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Peptic Ulcers and Nonsteroidal Anti-Inflammatory Drugs - Topic Overview

It is not clear how nonsteroidal anti-inflammatory drugs (NSAIDs) damage the stomach's lining, sometimes causing an ulcer. The following are the two likely ways this may happen:

  • Use of NSAIDs may directly irritate the stomach's lining, making it easier for ulcers to form.
  • NSAIDs may interfere with prostaglandins, which are chemicals that may help regulate the protective lining of the stomach.

It is also possible that both of these factors occur at the same time.

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About 15 to 20 out of 100 people who use high doses of NSAIDs, such as people who have rheumatoid arthritis or osteoarthritis, develop sores in the stomach that look like ulcers when examined with endoscopy.1 But only a small number actually develop symptoms or complications of peptic ulcer disease. Serious complications of peptic ulcer disease caused by NSAID use are higher in people who:1

You can prevent NSAID ulcers and their complications by not taking NSAIDs or by only taking them occasionally and in small doses. Be safe with medicines. Read and follow all instructions on the label. If you have to use NSAIDs, your doctor may advise you to take an NSAID that is less likely to cause ulcers. Or your doctor may prescribe a medicine that you take each day to help prevent ulcers. Medicines that help prevent ulcers include:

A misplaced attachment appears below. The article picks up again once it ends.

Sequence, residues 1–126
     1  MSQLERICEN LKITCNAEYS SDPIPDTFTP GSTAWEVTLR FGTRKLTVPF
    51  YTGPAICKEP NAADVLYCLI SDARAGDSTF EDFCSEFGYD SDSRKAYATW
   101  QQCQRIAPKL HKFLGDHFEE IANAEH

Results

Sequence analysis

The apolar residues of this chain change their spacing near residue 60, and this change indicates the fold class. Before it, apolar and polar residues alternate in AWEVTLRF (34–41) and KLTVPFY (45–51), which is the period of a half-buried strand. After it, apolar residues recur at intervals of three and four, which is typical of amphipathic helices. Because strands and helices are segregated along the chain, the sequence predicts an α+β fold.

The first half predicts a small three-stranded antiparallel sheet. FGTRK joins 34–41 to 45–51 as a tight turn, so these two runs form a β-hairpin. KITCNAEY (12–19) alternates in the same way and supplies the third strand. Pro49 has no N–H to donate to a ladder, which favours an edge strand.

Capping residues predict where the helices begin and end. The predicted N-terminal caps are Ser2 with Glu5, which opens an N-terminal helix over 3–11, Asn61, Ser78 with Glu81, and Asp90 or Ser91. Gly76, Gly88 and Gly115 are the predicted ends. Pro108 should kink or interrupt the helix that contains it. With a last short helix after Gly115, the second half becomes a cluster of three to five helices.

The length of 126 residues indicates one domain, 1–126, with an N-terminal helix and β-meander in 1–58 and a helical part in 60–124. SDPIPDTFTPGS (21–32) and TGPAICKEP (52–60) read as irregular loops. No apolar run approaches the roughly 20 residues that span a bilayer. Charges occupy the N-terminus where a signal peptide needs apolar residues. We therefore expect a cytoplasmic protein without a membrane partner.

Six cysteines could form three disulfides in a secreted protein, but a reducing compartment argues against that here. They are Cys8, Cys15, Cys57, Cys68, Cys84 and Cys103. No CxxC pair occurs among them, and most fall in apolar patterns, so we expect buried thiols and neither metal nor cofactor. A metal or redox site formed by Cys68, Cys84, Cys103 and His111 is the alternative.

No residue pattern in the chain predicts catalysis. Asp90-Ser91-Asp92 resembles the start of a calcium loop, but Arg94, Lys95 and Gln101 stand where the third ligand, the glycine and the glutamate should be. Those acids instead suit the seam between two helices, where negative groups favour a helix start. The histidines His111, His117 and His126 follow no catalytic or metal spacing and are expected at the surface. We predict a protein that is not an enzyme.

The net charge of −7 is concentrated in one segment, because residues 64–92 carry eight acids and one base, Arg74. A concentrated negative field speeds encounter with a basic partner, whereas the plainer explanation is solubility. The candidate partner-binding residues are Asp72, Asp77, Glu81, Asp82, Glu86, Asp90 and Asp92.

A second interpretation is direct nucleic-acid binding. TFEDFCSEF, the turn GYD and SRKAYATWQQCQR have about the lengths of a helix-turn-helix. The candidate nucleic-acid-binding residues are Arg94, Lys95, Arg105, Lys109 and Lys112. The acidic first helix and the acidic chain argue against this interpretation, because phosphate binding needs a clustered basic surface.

Your doctor may advise you to get tested for H. pylori bacteria before you start long-term NSAID use. Testing and treatment for H. pylori infection has been shown to reduce the risk of ulcers for people starting long-term NSAID use.1 If you take NSAIDs, be sure to discuss with your doctor the potential risks of long-term NSAID use.

    WebMD Medical Reference from Healthwise

    Last Updated: November 15, 2013
    This information is not intended to replace the advice of a doctor. Healthwise disclaims any liability for the decisions you make based on this information.
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